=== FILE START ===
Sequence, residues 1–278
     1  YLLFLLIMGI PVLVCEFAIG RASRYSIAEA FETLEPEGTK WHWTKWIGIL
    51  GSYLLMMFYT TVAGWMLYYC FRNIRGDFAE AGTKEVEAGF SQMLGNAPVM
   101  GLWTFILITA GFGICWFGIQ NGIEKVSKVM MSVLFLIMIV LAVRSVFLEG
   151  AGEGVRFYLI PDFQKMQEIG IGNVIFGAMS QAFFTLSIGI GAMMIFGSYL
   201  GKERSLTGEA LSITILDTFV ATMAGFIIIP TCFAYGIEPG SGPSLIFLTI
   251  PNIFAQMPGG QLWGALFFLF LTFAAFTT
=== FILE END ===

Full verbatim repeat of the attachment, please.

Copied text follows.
Sequence, residues 1–278
     1  YLLFLLIMGI PVLVCEFAIG RASRYSIAEA FETLEPEGTK WHWTKWIGIL
    51  GSYLLMMFYT TVAGWMLYYC FRNIRGDFAE AGTKEVEAGF SQMLGNAPVM
   101  GLWTFILITA GFGICWFGIQ NGIEKVSKVM MSVLFLIMIV LAVRSVFLEG
   151  AGEGVRFYLI PDFQKMQEIG IGNVIFGAMS QAFFTLSIGI GAMMIFGSYL
   201  GKERSLTGEA LSITILDTFV ATMAGFIIIP TCFAYGIEPG SGPSLIFLTI
   251  PNIFAQMPGG QLWGALFFLF LTFAAFTT